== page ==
2012 John Hope Franklin Student Documentary Award Winners and Their Projects; 2013 Award Guidelines

A prison where the Gestapo kept Jewish citizens of Frankfurt during the war; David Mayer’s grandfather was taken to this prison or one very similar that has since been destroyed. Photograph by David Mayer.

Established in 1989 by the Center for Documentary Studies, the John Hope Franklin Student Documentary Awards are named for the noted scholar John Hope Franklin, the late professor emeritus of history at Duke University, in recognition of his lifetime accomplishments and his dedication to students and teaching. CDS makes these awards to undergraduates attending North Carolina’s Triangle-area universities to help them conduct intensive summer-long documentary fieldwork projects.

Applications for the 2013 awards will be accepted during the month of February 2013, with a deadline of March 1, 2013: see guidelines.

Recipients of the 2012 John Hope Franklin Student Documentary Awards and their projects:

Alice Soo-Hyon Kim (Duke University)
Photography and audio: South Korea
Alice Kim is making a documentary that “maps the immigrant identity” through black-and-white 35 mm photographs and audio recordings of her grandmother, Kyung Jo Seong, as she returned to South Korea for the first time in over a decade, perhaps for her last visit, “to care for and pay her respects to the graves of her parents, to get her family affairs in order, and to see her eldest daughter, the great-grandchildren she has never met, and childhood friends.” Alice traveled with her grandmother to document “this self-reflection at the near end of such a long and eventful life.” As Alice says, “I am the last grandchild that Mrs. Seong raised. . . . There is still so much I do not know about my grandmother, her life before coming to America, and our family history. This project will be as much a self-discovery for my grandmother as it will be for me.”

David Mayer (Duke University)
Video: Frankfurt, Germany
David Mayer will be producing a documentary video that offers an intimate and personal retelling of his grandfather’s Holocaust story as a parallel to his own comfortable suburban upbringing. Paul Mayer was twenty years old and living in Frankfurt, Germany, when he started to keep a journal on January 1, 1945. His Jewish father had died in Auschwitz; his sister had died when the Nazis refused to give her medical treatment. David visited and filmed Paul Mayer’s childhood home in Frankfurt, the train station where he left for the camp, concentration camps in the Hartz Mountains, as well as old friends and other places mentioned in his grandfather’s journal. “This documentary will be about what it means to try to understand a man whom I never met using only what he left behind,” he says.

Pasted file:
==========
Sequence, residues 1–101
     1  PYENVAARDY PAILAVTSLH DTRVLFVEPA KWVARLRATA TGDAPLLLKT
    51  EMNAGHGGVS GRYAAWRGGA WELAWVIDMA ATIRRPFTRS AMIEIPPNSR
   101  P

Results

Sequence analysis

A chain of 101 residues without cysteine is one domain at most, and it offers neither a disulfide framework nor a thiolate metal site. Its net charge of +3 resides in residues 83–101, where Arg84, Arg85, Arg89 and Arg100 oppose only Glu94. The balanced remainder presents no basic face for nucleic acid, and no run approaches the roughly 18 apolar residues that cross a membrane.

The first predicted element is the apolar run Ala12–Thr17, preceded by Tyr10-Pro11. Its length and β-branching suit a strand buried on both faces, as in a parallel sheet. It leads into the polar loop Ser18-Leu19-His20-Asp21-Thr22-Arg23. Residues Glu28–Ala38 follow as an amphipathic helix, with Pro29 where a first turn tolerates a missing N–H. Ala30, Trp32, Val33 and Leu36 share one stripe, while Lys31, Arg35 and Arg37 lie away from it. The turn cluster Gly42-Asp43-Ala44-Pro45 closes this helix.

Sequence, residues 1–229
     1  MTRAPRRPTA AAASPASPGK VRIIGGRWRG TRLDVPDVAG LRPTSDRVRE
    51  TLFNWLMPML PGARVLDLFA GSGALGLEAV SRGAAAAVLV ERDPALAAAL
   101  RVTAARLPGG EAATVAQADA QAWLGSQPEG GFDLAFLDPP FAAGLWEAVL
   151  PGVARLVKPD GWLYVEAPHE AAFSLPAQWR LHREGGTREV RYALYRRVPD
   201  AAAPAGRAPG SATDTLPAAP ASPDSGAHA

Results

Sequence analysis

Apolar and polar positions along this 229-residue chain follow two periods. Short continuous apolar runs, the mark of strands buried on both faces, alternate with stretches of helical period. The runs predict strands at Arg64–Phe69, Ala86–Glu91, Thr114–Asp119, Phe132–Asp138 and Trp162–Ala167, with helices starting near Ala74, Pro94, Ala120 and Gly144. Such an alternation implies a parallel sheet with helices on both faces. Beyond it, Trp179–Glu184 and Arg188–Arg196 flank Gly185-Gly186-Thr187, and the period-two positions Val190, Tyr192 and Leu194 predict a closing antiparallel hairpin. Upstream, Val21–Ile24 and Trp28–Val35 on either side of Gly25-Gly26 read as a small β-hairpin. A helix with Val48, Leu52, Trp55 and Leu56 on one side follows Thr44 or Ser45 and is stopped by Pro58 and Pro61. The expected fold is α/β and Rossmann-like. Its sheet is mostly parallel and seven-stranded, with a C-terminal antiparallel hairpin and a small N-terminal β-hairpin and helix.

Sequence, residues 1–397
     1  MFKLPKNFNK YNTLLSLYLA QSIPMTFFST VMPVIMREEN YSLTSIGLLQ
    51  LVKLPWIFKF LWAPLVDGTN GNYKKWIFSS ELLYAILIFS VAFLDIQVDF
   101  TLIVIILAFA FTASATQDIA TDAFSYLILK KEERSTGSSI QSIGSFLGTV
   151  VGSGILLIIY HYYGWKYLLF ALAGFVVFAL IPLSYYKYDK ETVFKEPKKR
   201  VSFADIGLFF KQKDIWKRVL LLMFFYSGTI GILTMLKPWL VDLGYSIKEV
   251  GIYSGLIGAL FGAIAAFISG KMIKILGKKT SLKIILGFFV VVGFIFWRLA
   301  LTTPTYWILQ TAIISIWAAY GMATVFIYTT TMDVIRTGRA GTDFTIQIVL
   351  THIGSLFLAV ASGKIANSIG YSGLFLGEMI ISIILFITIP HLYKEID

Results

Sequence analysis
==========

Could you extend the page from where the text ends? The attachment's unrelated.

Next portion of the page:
Elyse Pate (UNC-Chapel Hill)
Photography and audio: Brunswick, Georgia
Elyse Pate collected oral histories, along with photographs and recipes, to create a documentary narrative essay that reflects on the nearly “sacred” importance of low country boils—both a dish and an event—in the Brunswick area of coastal Georgia. Brunswick is one of the two largest port cities in Georgia (Savannah is the other), and as such, seafood plays a major role in the economy and lifestyle. “Like all traditions, it is likely that low country boils have changed and are constantly changing to fit the times. Without documentation, the changes in tradition, while not necessarily negative, often mean the loss of a specific variation. My grandmother, for example, can no longer tell her stories. They have never been recorded, a fact that I greatly regret. In collecting these personal narratives, I hope to maintain an open mind, knowing that I will be led in unanticipated directions, and that by documenting the stories of ordinary people these traditions will not be forgotten.”

Click here for additional information about the award winners’ projects.

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